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Effects of bacterial adjuvants on human antigen presenting cells

Effects of bacterial adjuvants on human antigen presenting cells
Effects of bacterial adjuvants on human antigen presenting cells

In this thesis, the hypothesis addressed is that different bacterial components may behave as adjuvants by modulating DC function through changes in co-stimulatory molecule expression and production of soluble mediators in a way that would differentially stimulate T-cell proliferation. The dendritic cells used in this study are monocyte-derived dendritic cells (mo-DC). Synthetic oligodeoxynucleotiedes (ODN) containing CpG motifs and outer membranes of Neisseria meningitidis were investigated as bacterial-derived adjuvants.

Immunomodulatory effects of bacterial DNA are attributed to the presence of CpG-motifs. Similarly, ODN containing CpG-motifs are reported to possess stimulatory activity on a variety of immune cells. One aim of this study was to examine the effects of CpG-ODN on CD80, CD86, CD40 and HLA-DR expression and cytokine production by monocytes and mo-DCs. The results revealed striking differences between the effects of CpG ODN on monocytes and mo-DCs. Monocytes treated with CpG markedly up-regulated CD86 expression as well as induced production of IL-1b, IL-6, IL-10 and IL-12p40. Similar changes in phenotype were observed in CpG-treated monocytes obtained from non-atopic and atopic individuals. By contrast, no-DCs treated with CpG ODN failed to show any changes in expression of co-stimulatory molecules and HLA-DR, production of cytokines and did not affect mo-DC driven allogeneic T-cell proliferation. These findings indicate that the in vitro differentiation of monocytes to mo-DC alters their responsiveness to CpG DNA and correlates with the loss of Toll-like receptor (TLR) 9during this differentiation. Expression of TLR9 was observed on human epidermal Langerhans' cells (LC) and not on CD34+-derived DCs suggesting that LC are CpG responsive cells. Differential expression of TLR2, TLR4 and TLR9 on monocytes and distinct DC subsets suggests that activation by bacterial components is facilitated following recognition through specific receptors.

University of Southampton
Al-Bader, Tamara
a59b058a-c9a1-4a9b-ba54-ba45643fb470
Al-Bader, Tamara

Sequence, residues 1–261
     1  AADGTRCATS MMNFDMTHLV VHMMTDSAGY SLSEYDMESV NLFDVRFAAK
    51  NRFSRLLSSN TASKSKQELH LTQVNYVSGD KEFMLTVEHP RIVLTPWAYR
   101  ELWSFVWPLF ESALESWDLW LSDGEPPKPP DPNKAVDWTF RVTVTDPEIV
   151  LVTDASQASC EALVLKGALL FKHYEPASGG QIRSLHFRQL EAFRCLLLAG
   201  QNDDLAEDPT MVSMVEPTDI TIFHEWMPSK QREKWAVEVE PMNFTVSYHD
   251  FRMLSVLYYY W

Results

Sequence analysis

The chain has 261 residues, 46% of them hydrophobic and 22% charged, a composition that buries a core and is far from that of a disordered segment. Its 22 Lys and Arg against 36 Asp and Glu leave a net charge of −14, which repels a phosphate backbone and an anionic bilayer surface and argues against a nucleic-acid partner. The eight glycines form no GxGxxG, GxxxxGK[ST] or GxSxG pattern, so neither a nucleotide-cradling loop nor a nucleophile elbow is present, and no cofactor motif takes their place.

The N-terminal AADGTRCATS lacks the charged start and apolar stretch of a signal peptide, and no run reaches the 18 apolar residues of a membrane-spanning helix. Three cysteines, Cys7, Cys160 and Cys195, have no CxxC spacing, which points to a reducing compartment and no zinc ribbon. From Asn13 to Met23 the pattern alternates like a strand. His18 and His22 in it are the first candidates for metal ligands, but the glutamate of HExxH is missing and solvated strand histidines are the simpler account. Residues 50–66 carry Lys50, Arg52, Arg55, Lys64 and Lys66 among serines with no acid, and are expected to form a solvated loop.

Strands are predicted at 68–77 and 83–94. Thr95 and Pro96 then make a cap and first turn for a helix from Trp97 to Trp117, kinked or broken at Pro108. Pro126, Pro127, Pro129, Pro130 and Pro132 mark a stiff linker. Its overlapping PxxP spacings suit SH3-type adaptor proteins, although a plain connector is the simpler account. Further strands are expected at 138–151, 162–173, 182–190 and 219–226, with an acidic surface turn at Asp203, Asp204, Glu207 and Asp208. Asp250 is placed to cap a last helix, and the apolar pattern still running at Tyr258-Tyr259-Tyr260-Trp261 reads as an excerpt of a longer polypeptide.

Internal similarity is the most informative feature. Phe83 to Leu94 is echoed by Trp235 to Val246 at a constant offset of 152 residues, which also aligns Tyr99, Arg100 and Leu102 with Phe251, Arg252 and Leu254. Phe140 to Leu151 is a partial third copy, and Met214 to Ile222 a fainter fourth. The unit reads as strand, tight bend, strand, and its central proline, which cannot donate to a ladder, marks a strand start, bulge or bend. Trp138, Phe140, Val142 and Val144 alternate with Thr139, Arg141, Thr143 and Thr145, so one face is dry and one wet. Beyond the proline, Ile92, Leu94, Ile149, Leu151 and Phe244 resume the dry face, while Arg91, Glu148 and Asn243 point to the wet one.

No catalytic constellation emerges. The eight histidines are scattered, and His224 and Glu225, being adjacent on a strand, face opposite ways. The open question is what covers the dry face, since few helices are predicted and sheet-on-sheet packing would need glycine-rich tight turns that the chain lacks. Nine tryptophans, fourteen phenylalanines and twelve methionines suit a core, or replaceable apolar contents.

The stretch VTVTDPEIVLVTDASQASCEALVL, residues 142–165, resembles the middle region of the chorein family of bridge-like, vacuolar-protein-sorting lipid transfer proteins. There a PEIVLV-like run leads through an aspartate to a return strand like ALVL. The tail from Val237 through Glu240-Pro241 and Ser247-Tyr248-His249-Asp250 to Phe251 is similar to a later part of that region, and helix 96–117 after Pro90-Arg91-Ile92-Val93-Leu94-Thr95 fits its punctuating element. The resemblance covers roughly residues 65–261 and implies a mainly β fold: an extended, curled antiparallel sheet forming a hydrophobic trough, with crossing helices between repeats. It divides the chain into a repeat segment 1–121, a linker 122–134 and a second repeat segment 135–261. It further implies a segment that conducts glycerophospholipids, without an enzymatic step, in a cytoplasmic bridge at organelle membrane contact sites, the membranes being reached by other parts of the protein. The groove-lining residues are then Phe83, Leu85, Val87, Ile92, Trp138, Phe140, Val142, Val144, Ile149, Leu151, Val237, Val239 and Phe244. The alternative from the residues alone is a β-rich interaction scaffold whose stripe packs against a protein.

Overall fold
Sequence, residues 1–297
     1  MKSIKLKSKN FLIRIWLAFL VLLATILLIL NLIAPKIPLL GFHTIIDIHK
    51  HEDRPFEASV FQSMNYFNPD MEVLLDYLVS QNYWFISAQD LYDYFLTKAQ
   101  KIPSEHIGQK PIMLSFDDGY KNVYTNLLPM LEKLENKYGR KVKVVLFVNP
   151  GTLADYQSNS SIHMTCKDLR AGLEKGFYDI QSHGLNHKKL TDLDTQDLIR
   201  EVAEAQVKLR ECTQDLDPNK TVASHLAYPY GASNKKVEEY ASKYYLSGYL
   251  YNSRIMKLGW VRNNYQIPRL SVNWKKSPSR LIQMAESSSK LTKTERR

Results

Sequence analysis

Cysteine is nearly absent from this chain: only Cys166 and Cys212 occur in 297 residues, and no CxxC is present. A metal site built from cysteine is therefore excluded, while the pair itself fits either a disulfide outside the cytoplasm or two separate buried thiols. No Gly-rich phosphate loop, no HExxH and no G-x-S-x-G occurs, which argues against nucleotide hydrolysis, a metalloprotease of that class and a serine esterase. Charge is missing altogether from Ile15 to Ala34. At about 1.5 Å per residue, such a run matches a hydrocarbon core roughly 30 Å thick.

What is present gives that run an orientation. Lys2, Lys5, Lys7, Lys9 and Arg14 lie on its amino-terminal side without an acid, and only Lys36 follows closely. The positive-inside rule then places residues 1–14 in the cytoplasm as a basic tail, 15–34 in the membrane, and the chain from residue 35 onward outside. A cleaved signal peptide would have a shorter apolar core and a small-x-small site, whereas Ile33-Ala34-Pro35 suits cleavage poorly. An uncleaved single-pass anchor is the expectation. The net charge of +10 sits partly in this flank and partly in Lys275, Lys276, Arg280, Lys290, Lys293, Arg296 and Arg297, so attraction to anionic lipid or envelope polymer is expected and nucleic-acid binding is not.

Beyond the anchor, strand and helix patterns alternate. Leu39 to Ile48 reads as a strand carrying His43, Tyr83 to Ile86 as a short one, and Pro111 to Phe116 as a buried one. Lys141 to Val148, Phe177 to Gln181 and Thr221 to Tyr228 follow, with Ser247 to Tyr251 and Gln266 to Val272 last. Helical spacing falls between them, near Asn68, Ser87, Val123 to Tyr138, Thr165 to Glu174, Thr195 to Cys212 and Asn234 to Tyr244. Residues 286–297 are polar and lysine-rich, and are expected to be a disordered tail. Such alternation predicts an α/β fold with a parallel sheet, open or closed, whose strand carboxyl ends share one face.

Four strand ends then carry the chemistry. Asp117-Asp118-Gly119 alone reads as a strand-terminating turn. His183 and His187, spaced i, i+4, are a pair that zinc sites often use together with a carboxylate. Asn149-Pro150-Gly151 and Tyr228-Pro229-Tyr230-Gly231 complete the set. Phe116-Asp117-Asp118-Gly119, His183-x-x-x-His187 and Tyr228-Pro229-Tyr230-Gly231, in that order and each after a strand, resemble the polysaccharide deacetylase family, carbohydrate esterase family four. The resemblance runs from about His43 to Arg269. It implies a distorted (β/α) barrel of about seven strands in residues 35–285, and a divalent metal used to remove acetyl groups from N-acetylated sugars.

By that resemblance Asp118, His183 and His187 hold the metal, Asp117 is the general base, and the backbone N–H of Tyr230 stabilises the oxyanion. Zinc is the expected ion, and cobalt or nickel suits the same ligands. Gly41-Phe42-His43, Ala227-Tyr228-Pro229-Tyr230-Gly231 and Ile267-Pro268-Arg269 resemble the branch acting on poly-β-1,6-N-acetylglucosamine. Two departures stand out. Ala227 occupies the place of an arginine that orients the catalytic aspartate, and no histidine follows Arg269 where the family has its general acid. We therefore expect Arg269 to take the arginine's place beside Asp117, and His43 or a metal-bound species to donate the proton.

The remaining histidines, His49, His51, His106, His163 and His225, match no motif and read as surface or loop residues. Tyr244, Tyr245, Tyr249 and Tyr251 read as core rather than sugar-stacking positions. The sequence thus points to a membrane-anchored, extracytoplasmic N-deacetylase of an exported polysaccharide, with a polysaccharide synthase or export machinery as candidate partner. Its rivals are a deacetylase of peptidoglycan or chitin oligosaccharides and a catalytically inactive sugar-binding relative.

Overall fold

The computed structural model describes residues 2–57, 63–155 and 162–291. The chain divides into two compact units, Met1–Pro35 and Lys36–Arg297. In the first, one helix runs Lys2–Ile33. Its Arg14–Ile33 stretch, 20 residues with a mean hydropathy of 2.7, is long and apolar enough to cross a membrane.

a59b058a-c9a1-4a9b-ba54-ba45643fb470

Al-Bader, Tamara (2002) Effects of bacterial adjuvants on human antigen presenting cells. University of Southampton, Doctoral Thesis.

Record type: Thesis (Doctoral)

Abstract

In this thesis, the hypothesis addressed is that different bacterial components may behave as adjuvants by modulating DC function through changes in co-stimulatory molecule expression and production of soluble mediators in a way that would differentially stimulate T-cell proliferation. The dendritic cells used in this study are monocyte-derived dendritic cells (mo-DC). Synthetic oligodeoxynucleotiedes (ODN) containing CpG motifs and outer membranes of Neisseria meningitidis were investigated as bacterial-derived adjuvants.

Immunomodulatory effects of bacterial DNA are attributed to the presence of CpG-motifs. Similarly, ODN containing CpG-motifs are reported to possess stimulatory activity on a variety of immune cells. One aim of this study was to examine the effects of CpG-ODN on CD80, CD86, CD40 and HLA-DR expression and cytokine production by monocytes and mo-DCs. The results revealed striking differences between the effects of CpG ODN on monocytes and mo-DCs. Monocytes treated with CpG markedly up-regulated CD86 expression as well as induced production of IL-1b, IL-6, IL-10 and IL-12p40. Similar changes in phenotype were observed in CpG-treated monocytes obtained from non-atopic and atopic individuals. By contrast, no-DCs treated with CpG ODN failed to show any changes in expression of co-stimulatory molecules and HLA-DR, production of cytokines and did not affect mo-DC driven allogeneic T-cell proliferation. These findings indicate that the in vitro differentiation of monocytes to mo-DC alters their responsiveness to CpG DNA and correlates with the loss of Toll-like receptor (TLR) 9during this differentiation. Expression of TLR9 was observed on human epidermal Langerhans' cells (LC) and not on CD34+-derived DCs suggesting that LC are CpG responsive cells. Differential expression of TLR2, TLR4 and TLR9 on monocytes and distinct DC subsets suggests that activation by bacterial components is facilitated following recognition through specific receptors.

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Published date: 2002

Identifiers

Local EPrints ID: 464779
URI: http://eprints.soton.ac.uk/id/eprint/464779
PURE UUID: 78b66fbe-f615-4e23-9562-2f54fdc5d8c1

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Date deposited: 05 Jul 2022 00:01
Last modified: 05 Jul 2022 03:09

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Contributors

Author: Tamara Al-Bader

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